The education sector is at the forefront of the digital revolution, embracing computing and technology as a highly effective teaching medium.
Educational technology is already replacing conventional teaching methods as students in primary, secondary and tertiary institutions use laptops, tablets, and a wide range of online learning platforms, software and apps to find and share information at increasing speed.
What does this trend mean for the future of education?
Learning through innovation
First and foremost, computing in the classroom is training students for the workplace of the future. Technologies such as big data, analytics and the internet of things (IoT) appear set to play an even bigger role in product and service delivery across virtually every major industry.
Additionally, technology allows students to communicate with experts, fellow students and communities anywhere in the world in real-time. This allows for the rapid exchange of ideas, while at the same time acting as a buffer against plagiarism by keeping a digital copy of previously published works.
Benefits of educational games
School-age students also tend to be passionate about using programs on their tablets that employ graphics and sound to make the learning process more enjoyable. By engaging students with educational games and interactive tools, it can help teach them valuable problem-solving techniques and new thought processes.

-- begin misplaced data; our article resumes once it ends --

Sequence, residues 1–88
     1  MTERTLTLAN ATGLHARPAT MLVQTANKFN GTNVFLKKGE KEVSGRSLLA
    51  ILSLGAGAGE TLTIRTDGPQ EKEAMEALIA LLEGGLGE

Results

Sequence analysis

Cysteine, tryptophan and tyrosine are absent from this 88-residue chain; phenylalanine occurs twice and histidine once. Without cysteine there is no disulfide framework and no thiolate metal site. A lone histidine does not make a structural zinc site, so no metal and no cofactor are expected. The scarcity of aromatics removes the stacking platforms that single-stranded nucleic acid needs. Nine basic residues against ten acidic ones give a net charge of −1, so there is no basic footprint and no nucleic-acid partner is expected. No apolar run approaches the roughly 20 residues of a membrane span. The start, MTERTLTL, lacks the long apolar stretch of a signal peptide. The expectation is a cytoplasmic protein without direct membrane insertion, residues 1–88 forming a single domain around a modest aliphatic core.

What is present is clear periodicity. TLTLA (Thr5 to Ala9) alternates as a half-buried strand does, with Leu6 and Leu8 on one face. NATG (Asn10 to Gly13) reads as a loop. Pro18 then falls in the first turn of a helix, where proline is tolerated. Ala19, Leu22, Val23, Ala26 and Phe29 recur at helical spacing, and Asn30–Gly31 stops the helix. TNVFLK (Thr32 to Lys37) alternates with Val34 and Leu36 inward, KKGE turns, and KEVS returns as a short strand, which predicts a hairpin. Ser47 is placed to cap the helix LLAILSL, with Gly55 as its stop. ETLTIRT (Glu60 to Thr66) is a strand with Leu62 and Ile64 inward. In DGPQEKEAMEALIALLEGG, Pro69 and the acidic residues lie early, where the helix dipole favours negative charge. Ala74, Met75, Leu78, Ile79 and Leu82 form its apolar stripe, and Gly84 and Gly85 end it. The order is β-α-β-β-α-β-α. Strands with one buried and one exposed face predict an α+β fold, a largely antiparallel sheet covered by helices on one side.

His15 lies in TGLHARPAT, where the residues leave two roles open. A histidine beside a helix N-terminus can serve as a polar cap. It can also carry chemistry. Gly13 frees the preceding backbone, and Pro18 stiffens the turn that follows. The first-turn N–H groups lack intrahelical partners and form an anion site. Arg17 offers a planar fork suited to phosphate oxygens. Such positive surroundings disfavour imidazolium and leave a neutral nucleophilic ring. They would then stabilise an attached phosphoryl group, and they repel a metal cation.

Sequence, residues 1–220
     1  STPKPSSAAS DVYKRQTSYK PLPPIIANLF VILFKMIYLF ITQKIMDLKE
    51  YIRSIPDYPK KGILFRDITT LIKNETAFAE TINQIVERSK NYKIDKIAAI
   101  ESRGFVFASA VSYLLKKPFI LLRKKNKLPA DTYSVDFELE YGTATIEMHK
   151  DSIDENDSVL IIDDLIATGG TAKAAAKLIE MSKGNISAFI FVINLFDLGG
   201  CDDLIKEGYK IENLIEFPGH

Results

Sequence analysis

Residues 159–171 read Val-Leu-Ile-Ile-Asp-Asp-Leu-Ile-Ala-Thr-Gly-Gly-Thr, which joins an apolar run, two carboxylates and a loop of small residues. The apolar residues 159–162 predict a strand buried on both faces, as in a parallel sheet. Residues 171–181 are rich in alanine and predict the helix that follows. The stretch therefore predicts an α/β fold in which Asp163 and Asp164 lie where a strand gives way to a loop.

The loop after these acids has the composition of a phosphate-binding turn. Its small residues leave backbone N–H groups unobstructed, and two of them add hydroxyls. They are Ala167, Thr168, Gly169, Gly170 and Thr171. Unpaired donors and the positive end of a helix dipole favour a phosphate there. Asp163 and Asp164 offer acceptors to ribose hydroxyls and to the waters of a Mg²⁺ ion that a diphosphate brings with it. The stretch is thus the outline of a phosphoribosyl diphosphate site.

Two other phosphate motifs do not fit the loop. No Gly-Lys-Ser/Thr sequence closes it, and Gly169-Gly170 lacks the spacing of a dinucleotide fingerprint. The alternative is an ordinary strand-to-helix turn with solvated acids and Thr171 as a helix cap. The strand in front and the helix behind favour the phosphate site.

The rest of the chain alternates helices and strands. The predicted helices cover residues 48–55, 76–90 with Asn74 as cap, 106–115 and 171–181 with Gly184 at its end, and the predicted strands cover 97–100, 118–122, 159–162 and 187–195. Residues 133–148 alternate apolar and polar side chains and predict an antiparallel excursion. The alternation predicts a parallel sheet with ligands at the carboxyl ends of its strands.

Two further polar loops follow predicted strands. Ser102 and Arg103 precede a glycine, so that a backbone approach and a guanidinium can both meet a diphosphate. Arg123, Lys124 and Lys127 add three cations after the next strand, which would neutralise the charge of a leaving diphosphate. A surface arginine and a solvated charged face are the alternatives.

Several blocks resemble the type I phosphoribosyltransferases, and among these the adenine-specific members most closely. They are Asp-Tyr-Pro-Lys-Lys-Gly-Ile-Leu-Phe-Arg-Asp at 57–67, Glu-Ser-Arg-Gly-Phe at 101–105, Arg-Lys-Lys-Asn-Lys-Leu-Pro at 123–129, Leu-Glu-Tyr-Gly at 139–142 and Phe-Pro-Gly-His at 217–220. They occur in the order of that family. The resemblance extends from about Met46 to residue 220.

For example, a puzzle video game such as Scribblenauts encourages children to learn from their mistakes and try new approaches to solve the puzzle and ‘win’ the game. This way of thinking can then lay the foundation for more advanced stages of education throughout the student’s schooling.
On the flip side, as technology continues to challenge traditional modes of education and learning, there can be drawbacks. Some studies have identified a connection between using the internet and the development of ADHD among students who stare at screens for hours and hours on end.
However, other experts argue that when carefully monitored and used sparingly, computing can actually be of benefit to children with ADHD who struggle to keep focused in class. An example of this is using the dictation technologies available on most smart devices to assist with writing tasks. Children can dictate their words instead of becoming frustrated with the writing process and lose focus.
Finding the right balance
While the digital revolution has offered many benefits to teachers and students alike, educational institutes need to further understand how digital technology can effectively integrate with the classroom. Computing may serve as a convenient substitute for many learning resources, but it can’t replace the benefits of human interaction and face-to-face education.
Technology will continue to play an increasingly important role in the education sector moving forward, but its application may shift as schools struggle to find the right technology for the right situations. A balance will likely emerge as schools adopt the best of both worlds, incorporating a mixture of tech- and teacher-supported learning environments.